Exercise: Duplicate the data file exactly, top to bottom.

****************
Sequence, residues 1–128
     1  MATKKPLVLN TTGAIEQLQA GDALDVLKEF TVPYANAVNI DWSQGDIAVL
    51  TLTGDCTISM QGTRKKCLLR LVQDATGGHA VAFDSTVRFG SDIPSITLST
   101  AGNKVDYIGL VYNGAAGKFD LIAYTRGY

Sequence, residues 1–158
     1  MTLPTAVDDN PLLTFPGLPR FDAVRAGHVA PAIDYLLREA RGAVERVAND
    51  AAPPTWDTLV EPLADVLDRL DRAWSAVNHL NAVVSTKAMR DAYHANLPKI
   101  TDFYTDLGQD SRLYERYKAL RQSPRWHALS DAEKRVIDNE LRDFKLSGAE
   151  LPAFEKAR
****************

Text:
Sequence, residues 1–128
     1  MATKKPLVLN TTGAIEQLQA GDALDVLKEF TVPYANAVNI DWSQGDIAVL
    51  TLTGDCTISM QGTRKKCLLR LVQDATGGHA VAFDSTVRFG SDIPSITLST
   101  AGNKVDYIGL VYNGAAGKFD LIAYTRGY

Sequence, residues 1–158
     1  MTLPTAVDDN PLLTFPGLPR FDAVRAGHVA PAIDYLLREA RGAVERVAND
    51  AAPPTWDTLV EPLADVLDRL DRAWSAVNHL NAVVSTKAMR DAYHANLPKI
   101  TDFYTDLGQD SRLYERYKAL RQSPRWHALS DAEKRVIDNE LRDFKLSGAE
   151  LPAFEKAR